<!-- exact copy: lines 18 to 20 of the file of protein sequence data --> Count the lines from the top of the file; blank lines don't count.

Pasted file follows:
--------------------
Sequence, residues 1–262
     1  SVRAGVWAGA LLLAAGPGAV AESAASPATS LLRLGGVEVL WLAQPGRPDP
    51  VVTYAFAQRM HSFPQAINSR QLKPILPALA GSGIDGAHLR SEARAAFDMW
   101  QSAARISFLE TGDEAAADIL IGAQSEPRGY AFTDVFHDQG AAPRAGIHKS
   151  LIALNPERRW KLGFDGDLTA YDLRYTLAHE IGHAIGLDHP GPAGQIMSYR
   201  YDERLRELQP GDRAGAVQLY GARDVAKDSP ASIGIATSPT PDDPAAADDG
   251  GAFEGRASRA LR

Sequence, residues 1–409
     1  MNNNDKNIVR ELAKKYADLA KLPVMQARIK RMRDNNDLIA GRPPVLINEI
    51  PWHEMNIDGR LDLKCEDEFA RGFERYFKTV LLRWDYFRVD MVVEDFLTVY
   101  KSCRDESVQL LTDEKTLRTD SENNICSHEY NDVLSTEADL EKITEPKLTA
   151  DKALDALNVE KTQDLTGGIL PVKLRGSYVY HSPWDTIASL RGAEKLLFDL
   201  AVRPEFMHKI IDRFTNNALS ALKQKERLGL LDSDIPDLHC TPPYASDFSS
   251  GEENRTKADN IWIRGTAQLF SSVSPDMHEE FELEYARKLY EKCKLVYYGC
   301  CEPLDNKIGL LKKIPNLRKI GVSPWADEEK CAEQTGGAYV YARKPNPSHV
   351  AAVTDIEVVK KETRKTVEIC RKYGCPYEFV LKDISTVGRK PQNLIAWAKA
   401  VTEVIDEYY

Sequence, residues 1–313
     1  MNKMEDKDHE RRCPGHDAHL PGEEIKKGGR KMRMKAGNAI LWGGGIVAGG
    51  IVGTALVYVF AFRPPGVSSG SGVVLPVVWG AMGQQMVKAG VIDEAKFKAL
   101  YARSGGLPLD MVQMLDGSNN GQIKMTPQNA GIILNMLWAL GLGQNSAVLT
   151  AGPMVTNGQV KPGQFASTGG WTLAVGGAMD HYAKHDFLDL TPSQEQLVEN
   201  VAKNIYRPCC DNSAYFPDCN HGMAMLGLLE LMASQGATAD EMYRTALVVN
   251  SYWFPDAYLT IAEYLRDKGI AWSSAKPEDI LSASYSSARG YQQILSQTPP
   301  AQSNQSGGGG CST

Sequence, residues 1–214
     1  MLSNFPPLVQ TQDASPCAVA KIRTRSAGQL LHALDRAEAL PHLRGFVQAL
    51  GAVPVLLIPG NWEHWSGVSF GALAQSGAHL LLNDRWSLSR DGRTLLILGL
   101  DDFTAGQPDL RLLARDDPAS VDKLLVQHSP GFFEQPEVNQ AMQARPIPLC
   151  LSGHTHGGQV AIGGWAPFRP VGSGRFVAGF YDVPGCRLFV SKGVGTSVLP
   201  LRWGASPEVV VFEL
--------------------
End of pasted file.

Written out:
Sequence, residues 1–313
     1  MNKMEDKDHE RRCPGHDAHL PGEEIKKGGR KMRMKAGNAI LWGGGIVAGG
    51  IVGTALVYVF AFRPPGVSSG SGVVLPVVWG AMGQQMVKAG VIDEAKFKAL